News from the Cloud Legal Project


Click here for the Cloud Legal Project's answers in response to the European Commission's consultation on cloud computing, aimed at potential cloud users (eg barriers to adoption) as well as actual cloud users and cloud providers.


Kuan Hon will be speaking on "Every Cloud has a Data Protection Lining" at Amberhawk's Autumn 2011 Data Protection Update. Click here for more information.

A reminder that the Cloud Legal Project is presenting a series of free evening lectures in London in October/November. These events are to be held in conjunction with, and kindly hosted by, the Institute of Advanced Legal  Studies in Russell Square. For more information, including on registration, click here.  The poster regarding the events is here - please feel free to put this up at your organisations if you wish.


We are continuing our research on negotiated cloud contracts, and are still open to offers of possible interviewees to consider, particularly cloud customers and solutions providers. All interviews are on a confidential no-names basis and only anonymised results will be published.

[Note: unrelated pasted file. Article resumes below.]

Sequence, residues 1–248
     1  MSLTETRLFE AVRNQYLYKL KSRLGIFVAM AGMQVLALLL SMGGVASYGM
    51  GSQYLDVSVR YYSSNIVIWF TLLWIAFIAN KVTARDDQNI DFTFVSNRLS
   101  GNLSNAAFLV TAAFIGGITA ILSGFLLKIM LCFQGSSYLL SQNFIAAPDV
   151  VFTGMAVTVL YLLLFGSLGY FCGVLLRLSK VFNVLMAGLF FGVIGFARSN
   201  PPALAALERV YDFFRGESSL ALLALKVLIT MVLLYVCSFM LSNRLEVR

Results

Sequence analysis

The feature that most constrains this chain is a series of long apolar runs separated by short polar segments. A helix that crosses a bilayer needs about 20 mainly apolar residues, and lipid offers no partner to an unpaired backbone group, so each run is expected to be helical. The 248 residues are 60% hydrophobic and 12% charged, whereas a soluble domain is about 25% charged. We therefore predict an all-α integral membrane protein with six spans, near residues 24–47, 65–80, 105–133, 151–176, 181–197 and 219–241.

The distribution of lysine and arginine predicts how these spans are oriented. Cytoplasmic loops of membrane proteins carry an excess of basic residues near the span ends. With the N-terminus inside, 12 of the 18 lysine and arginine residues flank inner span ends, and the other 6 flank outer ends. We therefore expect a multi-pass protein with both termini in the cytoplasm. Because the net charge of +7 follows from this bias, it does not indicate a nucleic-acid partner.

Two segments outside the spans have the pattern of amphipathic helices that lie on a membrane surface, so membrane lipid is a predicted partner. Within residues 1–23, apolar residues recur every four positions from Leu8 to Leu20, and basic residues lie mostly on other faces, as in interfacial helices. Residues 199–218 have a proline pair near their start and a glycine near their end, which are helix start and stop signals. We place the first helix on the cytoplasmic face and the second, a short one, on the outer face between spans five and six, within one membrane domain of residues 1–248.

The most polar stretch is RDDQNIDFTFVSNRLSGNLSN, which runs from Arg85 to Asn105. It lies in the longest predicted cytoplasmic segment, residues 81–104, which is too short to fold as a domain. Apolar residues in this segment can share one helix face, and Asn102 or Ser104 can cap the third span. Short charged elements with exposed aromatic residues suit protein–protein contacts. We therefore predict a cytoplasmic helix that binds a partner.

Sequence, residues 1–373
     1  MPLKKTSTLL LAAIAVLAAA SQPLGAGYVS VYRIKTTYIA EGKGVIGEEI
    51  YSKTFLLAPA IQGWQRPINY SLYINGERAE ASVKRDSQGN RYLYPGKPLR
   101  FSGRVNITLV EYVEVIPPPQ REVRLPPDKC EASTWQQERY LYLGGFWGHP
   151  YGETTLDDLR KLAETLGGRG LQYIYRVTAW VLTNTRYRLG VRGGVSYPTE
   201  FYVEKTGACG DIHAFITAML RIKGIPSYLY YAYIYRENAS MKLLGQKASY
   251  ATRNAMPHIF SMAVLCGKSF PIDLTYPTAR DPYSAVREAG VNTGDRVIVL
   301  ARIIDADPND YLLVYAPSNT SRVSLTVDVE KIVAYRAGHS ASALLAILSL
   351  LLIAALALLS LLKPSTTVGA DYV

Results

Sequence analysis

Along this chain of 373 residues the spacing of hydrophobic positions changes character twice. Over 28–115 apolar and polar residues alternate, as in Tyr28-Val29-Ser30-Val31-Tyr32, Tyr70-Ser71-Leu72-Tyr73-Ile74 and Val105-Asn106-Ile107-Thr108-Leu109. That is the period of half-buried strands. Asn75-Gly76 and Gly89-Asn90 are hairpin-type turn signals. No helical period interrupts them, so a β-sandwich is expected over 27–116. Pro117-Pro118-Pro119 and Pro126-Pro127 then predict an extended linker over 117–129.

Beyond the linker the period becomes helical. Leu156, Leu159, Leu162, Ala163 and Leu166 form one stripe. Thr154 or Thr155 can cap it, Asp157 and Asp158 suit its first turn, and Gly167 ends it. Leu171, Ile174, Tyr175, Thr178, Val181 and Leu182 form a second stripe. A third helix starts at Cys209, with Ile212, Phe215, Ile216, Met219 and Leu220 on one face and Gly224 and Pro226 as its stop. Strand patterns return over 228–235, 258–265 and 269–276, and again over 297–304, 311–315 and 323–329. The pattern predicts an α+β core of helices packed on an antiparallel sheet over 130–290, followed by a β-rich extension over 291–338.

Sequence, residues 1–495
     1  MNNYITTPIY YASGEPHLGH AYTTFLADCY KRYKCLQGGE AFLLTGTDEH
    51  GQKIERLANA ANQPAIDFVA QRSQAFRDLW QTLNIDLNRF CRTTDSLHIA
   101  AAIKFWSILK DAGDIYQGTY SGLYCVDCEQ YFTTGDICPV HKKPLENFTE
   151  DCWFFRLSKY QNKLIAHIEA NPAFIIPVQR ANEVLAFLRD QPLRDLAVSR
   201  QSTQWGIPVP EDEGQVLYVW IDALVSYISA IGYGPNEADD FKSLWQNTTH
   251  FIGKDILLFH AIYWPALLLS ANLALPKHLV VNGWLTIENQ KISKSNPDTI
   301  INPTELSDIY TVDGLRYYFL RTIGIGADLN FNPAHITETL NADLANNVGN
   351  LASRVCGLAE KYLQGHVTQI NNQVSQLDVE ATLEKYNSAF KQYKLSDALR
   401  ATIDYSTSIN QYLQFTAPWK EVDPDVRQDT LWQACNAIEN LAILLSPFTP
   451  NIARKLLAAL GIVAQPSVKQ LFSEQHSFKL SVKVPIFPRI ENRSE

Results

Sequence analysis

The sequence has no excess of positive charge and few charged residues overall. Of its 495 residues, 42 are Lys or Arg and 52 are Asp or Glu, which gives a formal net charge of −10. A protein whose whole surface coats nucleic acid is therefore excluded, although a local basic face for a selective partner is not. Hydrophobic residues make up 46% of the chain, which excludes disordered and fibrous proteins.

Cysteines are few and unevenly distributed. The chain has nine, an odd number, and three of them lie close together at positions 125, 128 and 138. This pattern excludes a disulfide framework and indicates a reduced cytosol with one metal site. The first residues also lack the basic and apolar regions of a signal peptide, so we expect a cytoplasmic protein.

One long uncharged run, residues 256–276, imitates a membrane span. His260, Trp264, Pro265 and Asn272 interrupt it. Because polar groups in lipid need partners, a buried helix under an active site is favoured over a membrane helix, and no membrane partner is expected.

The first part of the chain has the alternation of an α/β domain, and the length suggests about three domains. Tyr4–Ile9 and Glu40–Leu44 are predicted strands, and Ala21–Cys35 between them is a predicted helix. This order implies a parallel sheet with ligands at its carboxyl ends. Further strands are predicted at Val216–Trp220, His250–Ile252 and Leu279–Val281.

Our research on standard cloud contract terms has been published as an article "Contracts for clouds: comparison and analysis of the Terms and Conditions of cloud computing services", in International Journal of Law and Information Technology (2011) 19 (3): 187-223. doi:10.1093/ijlit/ear005, published online 20 July 2011 (subscriber-only access)


Data centers' Power Use Less Than Was Expected

Data centers’ unquenchable thirst for electricity has been slaked by the global recession and by a combination of new power-saving technologies, according to an independent report on data center power use from 2005 to 2010.